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Full text of "The Terrapin"

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MARYLAND IN PICTURES 
2 

STUDENT LIFE 

12 



SENIORS AND ACADEMICS 

50 

RESIDENT LIFE 

152 

SPORTS 

182 



GREEKS 

240 



ORGANIZATIONS 

258 

CLOSING 

296 



Something to Remember 




The University Of Maryland 
College Park, Maryland 20742 

Volume 96 

Copyright 1997 



Dana Sears 



mi 



maryland c^\ pictures 



Many students come to college looking for something - escape from mom and dad, a change of' 
environment, or a brighter future. To say that those students came to college for the wrong' 
reasons is out the question, but if those were their only reasons for coming to Maryland, theyi 
are gravely limiting themselves. The University of Maryland has an undeniable spirit. As a place of 
learning. Maryland molds, creates, and neuters society's best and brightest. 

The meaning of success in college is not only determined by grade point averages or awards, but what 
an individual takes with them when he or she enters the ""real world" . Football tailgate parties, concerts, 
and campus organizations made the University of Maryland at College Park memorable. 

Substance-Free Housing, the Gemstone Program, the CBS College Tour, and cultural events focused 
attention upon Maryland and its diverse student body. As a community, the students and faculty of the 
University of Maryland have a flair for making Maryland something to remember. 




Paul Vieira 






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5TU DENT LIFE 





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TV Taiyland is a place 
J-VJLwhere memories 
are created everyday 
whether in a classroom 
or a residence hall - Maiy- 
land is something worth 
remembering 





If a "picture is worth a thousand words'", then to describe the 
University of Maryland through words would take a dictio- 
nary. Many students come to Maryland because of its good 
reputation for academic programs; others come because it is 
close to home ( or far, far away). However, one of the factors 
in nearly every students's mind when they chose Maryland is 
the beauty of the campus. There is no disputing the fact that 
Maryland has a beauty that is intoxicating. 

Aside from the glorious physical beauty of Maryland, the 
students of the University of Maryland added a charm not 
commonly found at other universities. Coming from rich and 
diverse backgrounds, the student body of Maryland exhibited 
the proud qualities of future leaders and activists. As the 
presidential election approached, students got involved. Edu- 
cating themselves about the issues, becoming active in local 
and national political parties, and voting their conscious and 
not the party's line were a few of the methods that Maryland 
students took on when battling political apathy. 

Although the student body of the University of Maryland and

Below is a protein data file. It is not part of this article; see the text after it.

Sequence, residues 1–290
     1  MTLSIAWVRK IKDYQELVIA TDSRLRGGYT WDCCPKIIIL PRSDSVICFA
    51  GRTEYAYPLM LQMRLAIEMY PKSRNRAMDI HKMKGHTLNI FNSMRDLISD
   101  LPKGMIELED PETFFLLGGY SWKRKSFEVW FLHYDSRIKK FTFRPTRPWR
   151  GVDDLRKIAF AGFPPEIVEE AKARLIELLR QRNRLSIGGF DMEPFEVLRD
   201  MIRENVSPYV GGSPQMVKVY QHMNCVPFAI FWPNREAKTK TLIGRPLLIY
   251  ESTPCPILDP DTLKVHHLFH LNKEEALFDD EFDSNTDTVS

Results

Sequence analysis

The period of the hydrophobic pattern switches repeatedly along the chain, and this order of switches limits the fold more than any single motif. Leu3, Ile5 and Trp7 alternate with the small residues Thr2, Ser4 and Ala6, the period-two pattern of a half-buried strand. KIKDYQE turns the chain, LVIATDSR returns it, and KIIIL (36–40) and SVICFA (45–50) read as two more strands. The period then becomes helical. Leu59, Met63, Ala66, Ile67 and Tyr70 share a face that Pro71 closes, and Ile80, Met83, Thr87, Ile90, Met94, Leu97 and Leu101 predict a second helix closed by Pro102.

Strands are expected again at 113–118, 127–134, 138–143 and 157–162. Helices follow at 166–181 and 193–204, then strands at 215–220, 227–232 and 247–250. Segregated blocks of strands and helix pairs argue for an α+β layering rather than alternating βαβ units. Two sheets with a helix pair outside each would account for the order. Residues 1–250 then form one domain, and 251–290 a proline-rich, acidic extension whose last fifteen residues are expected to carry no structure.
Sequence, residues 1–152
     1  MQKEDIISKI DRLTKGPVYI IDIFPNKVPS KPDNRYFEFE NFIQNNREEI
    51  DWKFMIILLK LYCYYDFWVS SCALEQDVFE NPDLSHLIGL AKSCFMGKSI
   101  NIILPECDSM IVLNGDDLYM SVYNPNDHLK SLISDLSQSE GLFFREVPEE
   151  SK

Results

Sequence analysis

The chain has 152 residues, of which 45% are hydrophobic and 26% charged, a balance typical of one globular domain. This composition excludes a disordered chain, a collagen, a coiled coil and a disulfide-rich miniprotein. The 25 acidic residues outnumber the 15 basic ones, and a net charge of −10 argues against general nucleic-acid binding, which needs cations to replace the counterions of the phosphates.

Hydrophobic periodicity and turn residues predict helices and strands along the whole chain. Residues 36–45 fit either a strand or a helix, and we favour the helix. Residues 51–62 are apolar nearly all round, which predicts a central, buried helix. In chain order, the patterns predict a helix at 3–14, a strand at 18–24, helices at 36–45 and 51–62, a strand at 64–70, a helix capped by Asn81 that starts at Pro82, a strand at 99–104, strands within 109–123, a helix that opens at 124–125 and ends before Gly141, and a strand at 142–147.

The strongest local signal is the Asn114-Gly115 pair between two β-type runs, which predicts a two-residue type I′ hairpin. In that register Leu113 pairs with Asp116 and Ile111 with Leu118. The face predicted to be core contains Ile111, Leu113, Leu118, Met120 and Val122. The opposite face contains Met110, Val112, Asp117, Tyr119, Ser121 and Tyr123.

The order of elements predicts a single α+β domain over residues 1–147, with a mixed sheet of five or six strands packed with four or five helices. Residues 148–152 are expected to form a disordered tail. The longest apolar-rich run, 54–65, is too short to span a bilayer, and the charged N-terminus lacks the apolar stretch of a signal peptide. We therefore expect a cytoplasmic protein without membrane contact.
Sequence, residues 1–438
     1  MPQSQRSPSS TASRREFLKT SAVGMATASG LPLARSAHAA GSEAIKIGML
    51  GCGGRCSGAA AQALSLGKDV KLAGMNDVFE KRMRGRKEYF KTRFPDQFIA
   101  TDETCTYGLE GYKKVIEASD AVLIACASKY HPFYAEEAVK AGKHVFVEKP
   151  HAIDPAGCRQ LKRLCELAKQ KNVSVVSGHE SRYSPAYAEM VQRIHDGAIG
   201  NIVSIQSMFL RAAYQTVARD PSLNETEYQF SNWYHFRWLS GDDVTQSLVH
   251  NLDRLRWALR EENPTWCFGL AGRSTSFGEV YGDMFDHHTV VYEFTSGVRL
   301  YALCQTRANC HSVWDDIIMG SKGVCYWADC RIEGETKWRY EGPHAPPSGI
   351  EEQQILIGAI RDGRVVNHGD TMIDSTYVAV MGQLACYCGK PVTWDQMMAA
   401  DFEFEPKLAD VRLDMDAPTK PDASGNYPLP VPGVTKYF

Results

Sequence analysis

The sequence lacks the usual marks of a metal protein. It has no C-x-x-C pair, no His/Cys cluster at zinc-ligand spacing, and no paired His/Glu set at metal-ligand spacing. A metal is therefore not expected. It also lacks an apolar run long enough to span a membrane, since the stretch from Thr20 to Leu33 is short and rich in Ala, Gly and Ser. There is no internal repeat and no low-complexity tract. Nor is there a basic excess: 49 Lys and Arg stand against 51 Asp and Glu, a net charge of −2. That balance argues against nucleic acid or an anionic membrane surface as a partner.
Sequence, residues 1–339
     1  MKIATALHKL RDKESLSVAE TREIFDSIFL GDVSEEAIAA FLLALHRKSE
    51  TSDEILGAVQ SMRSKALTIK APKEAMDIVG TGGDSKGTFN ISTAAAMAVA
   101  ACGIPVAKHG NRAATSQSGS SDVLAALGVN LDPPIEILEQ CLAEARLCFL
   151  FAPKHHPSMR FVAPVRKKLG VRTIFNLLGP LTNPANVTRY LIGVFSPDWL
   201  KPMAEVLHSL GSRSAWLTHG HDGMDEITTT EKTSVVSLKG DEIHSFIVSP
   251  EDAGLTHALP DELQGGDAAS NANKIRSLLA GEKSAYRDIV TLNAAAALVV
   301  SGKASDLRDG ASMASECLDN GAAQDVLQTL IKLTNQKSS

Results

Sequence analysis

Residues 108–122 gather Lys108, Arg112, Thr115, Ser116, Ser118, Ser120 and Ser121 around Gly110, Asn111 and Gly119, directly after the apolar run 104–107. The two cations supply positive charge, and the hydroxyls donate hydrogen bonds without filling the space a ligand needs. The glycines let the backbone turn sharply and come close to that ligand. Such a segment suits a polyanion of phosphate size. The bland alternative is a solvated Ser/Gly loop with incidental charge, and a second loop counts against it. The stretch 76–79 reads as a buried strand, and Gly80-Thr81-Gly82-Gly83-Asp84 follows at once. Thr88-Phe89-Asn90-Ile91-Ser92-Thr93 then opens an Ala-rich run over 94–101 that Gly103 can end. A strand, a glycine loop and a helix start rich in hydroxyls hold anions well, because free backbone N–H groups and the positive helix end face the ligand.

politics did make interesting bedfellows, the students of Mary- 
land did not limit themselves to fighting for every cause that 
came along. They managed to squeeze in some fun, occasion- 
ally. 




E. Graves, II 



13 




Supermodel: 



Since the loincloth, fash- 
ion has played an impor- 
tant role in society. With a 
fashion show presented by 
the NAACP, the lastest 
trends were shone. The sexy 
slink of silk, the clinging 
ease of lyrca infused mate- 
rials and the appeal of a 
hard gym body made the 
students of Marland take 
notice in what they wore 
and and what they were 
puting in thier mouths, be- 
cause this year's fashions 
were not made for the "in- 
between-meal snacker". 
They were made for the 
Maryland students who 
wanted to expose, flaunt, 
and tease the long hours 
they spent in North Gym to 
turn flab into to fab! 



All photos on this 
spread were taken by 
E. Graves, II 



15 



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LET THE SUN AND FUN SHINETHOU6H! 





Rachel Kaminsky 



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Kristi Johnson 





For Spring Break this year, the student 
body of the University of Maryland went 
for the fun and sun in Arizona. Be it 
hiking the Grand Canyon or bar-hopping, the 
students of Maryland spent some much needed 
time away from their studies 



Tyrone Brooks 



17 



1 



Have you ever 
awakened to the 
cacophony of 
incessant drilling jack- 
hammers or the menac- 
ing roar of a distant 
crane? If you have, then 
you certainly know about 
the monstrous construc- 
tion that litter the Univer- 
sity of Maryland. These 
sharp blades of metal that 
protrude from steep 
dunes of shrapnel are not 
abstract art figures. They 
are actually ongoing 
construction projects. 

There are seven new 
innovative structures 
springing up around 
campus. The Riche 
Coliseum, once the 
cultural and social back- 
bone of College Park, will 
be fully renovated by the 
spring of 1997. The 
massive entertainment 
center will sport new 
facilities, basketball 
courts, weight lifting, 
aerobics, martial arts and 
more. 

Jim Christian, con- 
struction superintendent 
for the Department of 
Architecture, Engineering 
and Construction, re- 
vealed that the Campus 
Recreation Center will 
spread over 240, 000 
square feet and its con- 
struction will continue 
through the winter of 
1997. This building will 
feature extravagances 
such as indoor and out- 
door swimming pools, 
indoor jogging tracks and 
spectator areas. Visitors 
should be aware that 
Valley Drive "from the 
entrance of the Center 
for Young Children to the 
west side of Health and